Love, Heather by Laurie Petrou

Love, Heather by Laurie PetrouLove, Heather by Laurie Petrou
Published by Crooked Lane Books
Published on October 8th 2019
Genres: Contemporary, Young Adult
Pages: 280
Format: eARC
Source: Netgalley
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RRP: $18.99
4 Stars

What you see isn't always what you get.

Stevie never meant for things to go this far. When she and Dee--defiant, bold, indestructible Dee--started all this, there was a purpose to their acts of vengeance: to put the bullies of Woepine High School back in their place. And three months ago, Stevie believed they deserved it. Once her best friend turned on her, the rest of the school followed. Stevie was alone and unprotected with a target on her back. Online, it was worse.

It was Dee's idea to get them all back with a few clever pranks, signing each act Love, Heather--an homage to her favorite 80's revenge flick. Despite herself, Stevie can't help getting caught up in the payback, reveling in every minute of suffering. And for a while, it works: it seems the meek have inherited the school.

But when anonymous students begin joining in, punishing perceived slights with increasingly violent ferocity, the line between villain and vigilante begins to blur. As friends turn on each other and the administration scrambles to regain control, it becomes clear: whatever Dee and Stevie started has gained a mind--and teeth--of its own. And when it finally swallows them whole, one will reemerge changed, with a plan for one final, terrifying act of revenge.

I received a copy of this book from Netgalley in exchange for an honest review. This does not affect my opinion of the book or the content of my review.

This book is about a young girl discovering her power when she breaks the rules to ‘get back’ at bullies.

The story is about a 14 year old Canadian girl Stevie from a ‘broken’ home – her dad left when she was 12, although sometimes the timelines and flashbacks will have you guessing about the accuracy. Stevie tended to enjoy playing the victim a bit, as did her her own mother, who complained about but secretly relished being a single mother.

I personally thought that this story was a bit too mature for a 14 year old protagonist. There’s some very adult situations committed by other 14 year olds and I found a bit hard to remember the main cast are only 14. Most of them seem very grown-up. I’m trying to keep this vague because I don’t want to spoil anything, but I personally feel that I, as a thirty-something YA reader, would have had an easier time suspending my disbelief if the characters were only one or two years older. It’s a very small thing to be picky about, but that’s how I feel. Certainly, plenty of 14 year olds are very mature and having sex and stuff, I absolutely cannot argue with that. I guess when Stevie said “we’re still virgins” (my emphasis) at age 14 it sits uncomfortably with me. Like yes, please don’t be engaging in sexual activity yet, you’re definitely not mature enough, as demonstrated by the author.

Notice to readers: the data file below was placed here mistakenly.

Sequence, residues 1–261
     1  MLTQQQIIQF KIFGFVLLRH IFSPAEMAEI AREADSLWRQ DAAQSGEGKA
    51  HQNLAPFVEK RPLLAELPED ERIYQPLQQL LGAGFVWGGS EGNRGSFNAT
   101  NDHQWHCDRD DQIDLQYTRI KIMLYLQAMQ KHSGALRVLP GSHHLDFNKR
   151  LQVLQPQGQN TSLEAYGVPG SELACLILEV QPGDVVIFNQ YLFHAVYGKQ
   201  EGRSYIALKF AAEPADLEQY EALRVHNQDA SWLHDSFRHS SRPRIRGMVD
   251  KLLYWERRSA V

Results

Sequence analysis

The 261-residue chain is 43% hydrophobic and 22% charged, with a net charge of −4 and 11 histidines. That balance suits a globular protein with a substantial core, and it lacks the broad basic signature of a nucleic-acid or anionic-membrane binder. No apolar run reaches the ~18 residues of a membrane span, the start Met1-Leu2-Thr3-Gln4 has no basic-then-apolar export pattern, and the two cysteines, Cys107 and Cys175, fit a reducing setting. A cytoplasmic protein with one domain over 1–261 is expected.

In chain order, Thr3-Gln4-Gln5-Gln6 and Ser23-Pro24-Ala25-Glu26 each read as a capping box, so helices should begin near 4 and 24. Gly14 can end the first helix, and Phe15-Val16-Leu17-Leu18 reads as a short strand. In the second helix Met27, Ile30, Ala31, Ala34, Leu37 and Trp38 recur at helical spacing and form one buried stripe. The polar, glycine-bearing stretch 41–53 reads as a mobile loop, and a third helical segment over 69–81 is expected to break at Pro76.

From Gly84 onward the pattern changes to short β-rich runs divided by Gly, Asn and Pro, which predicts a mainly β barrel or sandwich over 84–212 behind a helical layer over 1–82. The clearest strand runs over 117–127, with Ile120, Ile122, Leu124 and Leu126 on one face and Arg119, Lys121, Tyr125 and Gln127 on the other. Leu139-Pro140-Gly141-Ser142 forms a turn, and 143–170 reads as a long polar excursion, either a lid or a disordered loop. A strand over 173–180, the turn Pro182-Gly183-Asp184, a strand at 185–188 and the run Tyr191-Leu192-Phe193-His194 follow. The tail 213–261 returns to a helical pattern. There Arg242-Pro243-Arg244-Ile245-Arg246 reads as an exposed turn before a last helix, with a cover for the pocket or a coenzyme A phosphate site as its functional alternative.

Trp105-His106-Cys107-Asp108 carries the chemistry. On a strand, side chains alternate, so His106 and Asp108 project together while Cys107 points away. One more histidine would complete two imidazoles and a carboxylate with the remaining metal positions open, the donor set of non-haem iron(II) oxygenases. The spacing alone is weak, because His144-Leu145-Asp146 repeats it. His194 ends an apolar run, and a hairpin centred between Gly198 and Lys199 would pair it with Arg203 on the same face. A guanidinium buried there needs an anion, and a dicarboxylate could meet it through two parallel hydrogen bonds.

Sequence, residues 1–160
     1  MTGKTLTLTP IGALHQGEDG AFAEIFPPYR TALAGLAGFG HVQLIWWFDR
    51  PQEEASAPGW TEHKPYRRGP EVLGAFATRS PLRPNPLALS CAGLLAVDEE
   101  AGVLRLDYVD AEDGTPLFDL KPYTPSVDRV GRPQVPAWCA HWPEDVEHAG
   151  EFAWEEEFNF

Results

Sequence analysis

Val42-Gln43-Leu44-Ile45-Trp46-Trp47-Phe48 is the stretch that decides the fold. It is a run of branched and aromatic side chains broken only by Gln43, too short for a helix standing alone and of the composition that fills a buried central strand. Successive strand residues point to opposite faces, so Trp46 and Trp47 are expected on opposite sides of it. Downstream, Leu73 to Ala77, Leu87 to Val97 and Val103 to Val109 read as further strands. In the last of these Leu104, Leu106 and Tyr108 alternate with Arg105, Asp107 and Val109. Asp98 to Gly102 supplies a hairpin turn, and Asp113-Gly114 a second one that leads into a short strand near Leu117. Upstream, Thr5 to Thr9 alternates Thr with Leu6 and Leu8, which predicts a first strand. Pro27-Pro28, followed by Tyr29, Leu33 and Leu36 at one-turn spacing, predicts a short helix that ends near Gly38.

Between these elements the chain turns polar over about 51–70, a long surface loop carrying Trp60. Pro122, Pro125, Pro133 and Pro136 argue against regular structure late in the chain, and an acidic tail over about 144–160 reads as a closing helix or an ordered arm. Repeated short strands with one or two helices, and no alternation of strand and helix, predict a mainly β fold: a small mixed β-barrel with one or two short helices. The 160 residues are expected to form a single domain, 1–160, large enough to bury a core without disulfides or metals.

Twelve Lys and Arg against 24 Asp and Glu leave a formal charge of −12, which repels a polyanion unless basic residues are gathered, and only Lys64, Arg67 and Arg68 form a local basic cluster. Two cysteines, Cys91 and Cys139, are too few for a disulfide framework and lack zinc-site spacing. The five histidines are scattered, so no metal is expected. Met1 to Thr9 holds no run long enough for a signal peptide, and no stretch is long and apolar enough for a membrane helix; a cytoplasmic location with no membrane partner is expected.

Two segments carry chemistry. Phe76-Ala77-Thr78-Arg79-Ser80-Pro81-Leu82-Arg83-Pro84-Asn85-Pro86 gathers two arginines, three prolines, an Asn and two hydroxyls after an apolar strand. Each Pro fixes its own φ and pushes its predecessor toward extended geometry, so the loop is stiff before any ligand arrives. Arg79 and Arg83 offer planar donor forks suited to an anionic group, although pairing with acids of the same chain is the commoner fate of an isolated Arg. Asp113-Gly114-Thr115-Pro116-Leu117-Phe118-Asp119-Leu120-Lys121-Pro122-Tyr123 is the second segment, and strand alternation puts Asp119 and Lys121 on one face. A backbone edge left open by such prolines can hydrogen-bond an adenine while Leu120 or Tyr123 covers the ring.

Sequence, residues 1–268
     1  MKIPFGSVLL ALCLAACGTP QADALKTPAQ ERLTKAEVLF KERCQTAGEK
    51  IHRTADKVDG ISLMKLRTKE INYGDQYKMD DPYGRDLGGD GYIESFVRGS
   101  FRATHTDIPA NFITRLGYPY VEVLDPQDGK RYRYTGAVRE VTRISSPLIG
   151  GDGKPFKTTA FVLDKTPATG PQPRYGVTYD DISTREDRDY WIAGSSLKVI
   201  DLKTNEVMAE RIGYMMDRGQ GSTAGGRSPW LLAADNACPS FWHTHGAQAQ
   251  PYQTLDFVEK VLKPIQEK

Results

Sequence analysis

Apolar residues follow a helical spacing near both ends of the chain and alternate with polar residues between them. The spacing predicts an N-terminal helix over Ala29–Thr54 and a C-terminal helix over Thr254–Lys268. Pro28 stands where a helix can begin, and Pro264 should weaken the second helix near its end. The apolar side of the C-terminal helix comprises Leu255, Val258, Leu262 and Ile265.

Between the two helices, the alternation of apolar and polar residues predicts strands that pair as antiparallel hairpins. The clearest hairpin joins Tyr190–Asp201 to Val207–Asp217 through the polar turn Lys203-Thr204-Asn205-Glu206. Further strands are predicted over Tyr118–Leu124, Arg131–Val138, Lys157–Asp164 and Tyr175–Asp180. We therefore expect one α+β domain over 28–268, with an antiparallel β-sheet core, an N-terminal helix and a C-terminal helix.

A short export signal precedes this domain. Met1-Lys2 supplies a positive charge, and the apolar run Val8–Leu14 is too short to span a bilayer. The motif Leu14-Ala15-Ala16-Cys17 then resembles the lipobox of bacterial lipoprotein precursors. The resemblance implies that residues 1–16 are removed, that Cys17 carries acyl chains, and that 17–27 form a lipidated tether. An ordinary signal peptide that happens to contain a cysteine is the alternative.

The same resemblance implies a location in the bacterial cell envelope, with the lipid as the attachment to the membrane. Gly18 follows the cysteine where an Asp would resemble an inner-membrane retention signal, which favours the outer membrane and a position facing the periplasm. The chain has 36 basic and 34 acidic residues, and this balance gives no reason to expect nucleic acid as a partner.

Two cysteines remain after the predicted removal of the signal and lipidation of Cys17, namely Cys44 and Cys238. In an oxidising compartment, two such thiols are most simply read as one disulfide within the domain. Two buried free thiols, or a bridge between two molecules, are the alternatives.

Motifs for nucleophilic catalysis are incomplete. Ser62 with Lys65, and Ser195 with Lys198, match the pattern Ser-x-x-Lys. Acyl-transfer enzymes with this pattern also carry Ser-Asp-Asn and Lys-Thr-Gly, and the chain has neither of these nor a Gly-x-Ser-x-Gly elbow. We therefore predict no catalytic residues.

And in lots of respects, Stevie was appropriately innocent and ignorant, had the bravado of a social justice warrior and had this attitude of getting angry at others for not acting, protecting them, standing up for them. I would be very interested in how an actual 14 year old feels about this age’s portrayal.

This is marked as a thriller book, but honestly, I didn’t feel anything vaguely thriller-like until about 85% through the entire novel, when something cleverly hidden became obvious. I say ‘cleverly’ because I feel like I saw the hints but didn’t quite pick up on them. So I was approaching this as if it were a contemporary almost the whole time. I don’t think it’s particularly thrillery or suspensey anyway, and I would definitely shelve it in my contemporary YA section of my library.

And honestly, I want to point out that maybe Petrou didn’t write it to be a thriller! Maybe that’s just where marketing plopped it. But I personally wouldn’t plop it there.

The 80s pop references were pretty cool. I did honestly request to review this book because I love Heathers the Musical (not the film, the Broadway show based on the film), and I felt like I was in some kind of exclusive club when I knew what Stevie was referring to when she talked about old movies.

On the whole the book was really easy to devour and I definitely got into it. The long lead into the inciting incident filled me with dread. I absolutely did not see the ending coming. I was trying to piece the hints together at that point, and still didn’t get it until it was made clear to me what was going on. If you’re into Mean Girl books, or books about young vigilantes, I think you might enjoy this one. I certainly did!

Nemo
Nemo

About Nemo

A lover of kittens and all things sparkly, Nemo has a degree in English Literature and specialises in reviewing contemporary, paranormal, mystery/thriller, historical, sci-fi and fantasy Young Adult fiction. She is especially drawn to novels about princesses, strong female friendships, magical powers, and assassins.

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